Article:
In the original version of this post, we reported that McGinn had "awarded raises" to seven of his employees. This post has been updated to reflect the fact that mayoral assistant Allison Burson's official salary was adjusted upward 18 percent because of a clerical error that initially set her salary too low; to include a statement from the mayor's office saying that Nate Merrill's job was reclassified at a higher pay level because his previous position at the Office of Policy and Management did not have an exact equivalent in the mayor's office; and the fact that two employees, including the mayor, were given automatic, nondiscretionary cost-of-living adjustments of two percent.
Seven of Mayor Mike McGinn's personal staffers received salary increases earlier this year, many of them just days or weeks after he issued two executive orders eliminating a planned 2010 salary increase for executives, managers, and strategic advisers in all city departments, and requiring departments to obtain his authorization before making any salary offer for executive, manager, and strategic adviser positions.
The raises—which McGinn's staff characterize as "cost-of-living increases," not raises—ranged from cost-of-living adjustments of around 2 percent to job reclassifications that were much larger.
Meeting with PubliCola in his office yesterday afternoon, McGinn pointed out that most of his staffers make substantially less than their predecessors under former mayor Greg Nickels—so, the mayor's total office budget is actually nearly $200,000 less than Nickels'. (That figure includes the $10,000 of his own salary he said he's trying to figure out how to return to the city). McGinn has a point: For example, Deputy Mayor Darryl Smith makes $124,988, compared to former deputy mayor Tim Ceis' salary of $187,317; legal counsel Carl Marquardt makes $124,998, compared to his predecessor Regina LaBelle's salary of $130,001.
In general, McGinn's staff makes less across the board than Nickels'. But, I asked the mayor yesterday, isn't that in part because most of them have little or no experience in city government? In most industries, starting salaries are higher for people with more experience; why should city government be any different?
"I'm not going to sit here and badmouth my employees, nor am I going to badmouth Nickels' employees." Most of his staff, McGinn continued, "are not starting their first jobs," and many have experience from other areas.
A full list of the raises, from largest to smallest, below the jump.
In April, mayoral assistant Nate Merrill's job was reclassified, retroactive to early February, from administrative specialist at the Office of Policy and Management to mayoral staff assistant—a change that gave him a 7 percent pay increase, from $48,045 to $51,407. Mayoral spokesman Aaron Pickus says his new position, Mayoral Assistant II, was the lowest-paid position Merrill could be assigned while still being exempt from the city's civil service rules.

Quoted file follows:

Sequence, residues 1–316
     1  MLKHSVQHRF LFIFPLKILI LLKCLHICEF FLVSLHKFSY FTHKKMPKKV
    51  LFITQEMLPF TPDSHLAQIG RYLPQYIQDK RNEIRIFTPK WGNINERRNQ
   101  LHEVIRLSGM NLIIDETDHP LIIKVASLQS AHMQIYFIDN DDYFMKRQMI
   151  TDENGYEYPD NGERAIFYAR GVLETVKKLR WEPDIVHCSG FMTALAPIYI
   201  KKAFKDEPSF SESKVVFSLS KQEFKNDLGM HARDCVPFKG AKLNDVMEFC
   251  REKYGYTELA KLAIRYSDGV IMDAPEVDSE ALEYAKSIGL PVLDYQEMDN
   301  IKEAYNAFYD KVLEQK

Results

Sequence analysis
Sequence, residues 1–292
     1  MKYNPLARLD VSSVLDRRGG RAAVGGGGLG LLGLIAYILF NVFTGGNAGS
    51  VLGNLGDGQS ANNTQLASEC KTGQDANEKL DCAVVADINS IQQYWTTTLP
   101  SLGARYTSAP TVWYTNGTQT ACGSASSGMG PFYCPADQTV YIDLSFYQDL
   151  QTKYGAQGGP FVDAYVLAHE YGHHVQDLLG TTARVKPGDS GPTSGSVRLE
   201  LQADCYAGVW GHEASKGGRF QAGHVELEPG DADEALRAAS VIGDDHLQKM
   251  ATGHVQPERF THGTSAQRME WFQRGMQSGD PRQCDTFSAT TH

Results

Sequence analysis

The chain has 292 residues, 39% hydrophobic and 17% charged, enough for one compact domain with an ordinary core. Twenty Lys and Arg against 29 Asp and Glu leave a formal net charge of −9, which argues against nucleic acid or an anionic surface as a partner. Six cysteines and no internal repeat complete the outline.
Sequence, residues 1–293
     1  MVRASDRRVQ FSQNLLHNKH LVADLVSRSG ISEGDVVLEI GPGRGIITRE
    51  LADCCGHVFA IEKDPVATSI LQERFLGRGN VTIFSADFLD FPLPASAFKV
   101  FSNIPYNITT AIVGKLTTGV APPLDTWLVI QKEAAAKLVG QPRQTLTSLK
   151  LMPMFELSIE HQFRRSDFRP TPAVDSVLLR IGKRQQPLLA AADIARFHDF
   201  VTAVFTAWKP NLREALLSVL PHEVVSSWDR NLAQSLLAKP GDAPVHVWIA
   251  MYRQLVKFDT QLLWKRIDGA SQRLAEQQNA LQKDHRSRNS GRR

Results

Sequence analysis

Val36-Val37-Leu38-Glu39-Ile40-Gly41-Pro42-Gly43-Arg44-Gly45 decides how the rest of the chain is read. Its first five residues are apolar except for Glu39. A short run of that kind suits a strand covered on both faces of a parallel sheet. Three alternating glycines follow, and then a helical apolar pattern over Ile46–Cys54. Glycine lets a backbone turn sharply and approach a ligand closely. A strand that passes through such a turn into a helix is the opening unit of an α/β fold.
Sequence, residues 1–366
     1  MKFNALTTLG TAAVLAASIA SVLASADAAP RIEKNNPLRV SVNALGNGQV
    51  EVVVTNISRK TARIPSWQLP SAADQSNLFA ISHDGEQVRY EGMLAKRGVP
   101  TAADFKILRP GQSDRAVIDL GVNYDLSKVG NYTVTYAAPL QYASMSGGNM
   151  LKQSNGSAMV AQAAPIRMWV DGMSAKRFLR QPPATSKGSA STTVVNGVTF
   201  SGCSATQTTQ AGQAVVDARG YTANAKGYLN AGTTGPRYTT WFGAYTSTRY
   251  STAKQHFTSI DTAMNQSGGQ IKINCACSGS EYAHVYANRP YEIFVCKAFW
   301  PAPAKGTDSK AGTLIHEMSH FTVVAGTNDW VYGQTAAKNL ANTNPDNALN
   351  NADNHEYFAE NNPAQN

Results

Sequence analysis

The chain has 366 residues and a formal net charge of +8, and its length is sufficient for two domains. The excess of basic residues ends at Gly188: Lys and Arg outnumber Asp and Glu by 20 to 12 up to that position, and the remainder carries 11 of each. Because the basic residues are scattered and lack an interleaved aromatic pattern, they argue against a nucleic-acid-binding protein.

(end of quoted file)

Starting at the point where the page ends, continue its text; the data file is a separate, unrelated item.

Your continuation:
Mayoral staff assistant Kindle Shaw got a two percent pay increase at the beginning of January. The reason given, according to city salary documents, was "Market adjustment." Pickus confirms that the adjustment was at the mayor's discretion.
Also at the beginning of January, mayoral staff assistant Melia Brooks got a similar "market adjustment" raise of just under two percent, which was also discretionary.
On April 14, mayoral staff assistant April Thomas' job was reclassified, retroactive to early February, from mayoral staff assistant I to mayoral staff assistant II—a change that gave her an increase of about 2.5 percent, from a $50,112 a year $51,406.
On January 6, project manager Julie Tobin received a cost-of-living adjustment of about 2 percent, increasing her annual salary from $83,395 to $85,065.
And, as we reported earlier this month, McGinn himself received a 2 percent cost-of-living adjustment, which he has said he will return to the city.
* All annual salaries were calculated by multiplying the employee's hourly rate by a standard multiplier, provided by the city, of 2088.
- Advertisement -
OTHER POPULAR CONTENT
The Trouble With Shaken Baby Syndrome
Downtown's New Elysian Bar Sounds Pretty Damn Great
Senator Tom Will Not Run for Reelection
Flour to the People
This Week in Restaurant News: Expansions, Cocktails, and Fried Chicken
Morning Fizz: Brawl Averted, Money Not Diverted
30 Perfect Day Trips
A Critic’s Guide to Seattle Restaurant Week 2014
Nerd Out with Neil deGrasse Tyson at the Paramount
A Status Report on 31 Upcoming Bars and Restaurants
Why “$15 Now” Has Nothing to Do With Inflation, Productivity, or a Living Wage
Seattle City Council Common Denominator: Smothering Urban Innovation
- The Trouble With Shaken Baby Syndrome
- Downtown's New Elysian Bar Sounds Pretty Damn Great
- Senator Tom Will Not Run for Reelection
- Flour to the People
- This Week in Restaurant News: Expansions, Cocktails, and Fried Chicken
- Morning Fizz: Brawl Averted, Money Not Diverted
- 30 Perfect Day Trips
- A Critic’s Guide to Seattle Restaurant Week 2014
- Advertisement -
Most popularSlide Shows & Videos
- Advertisement -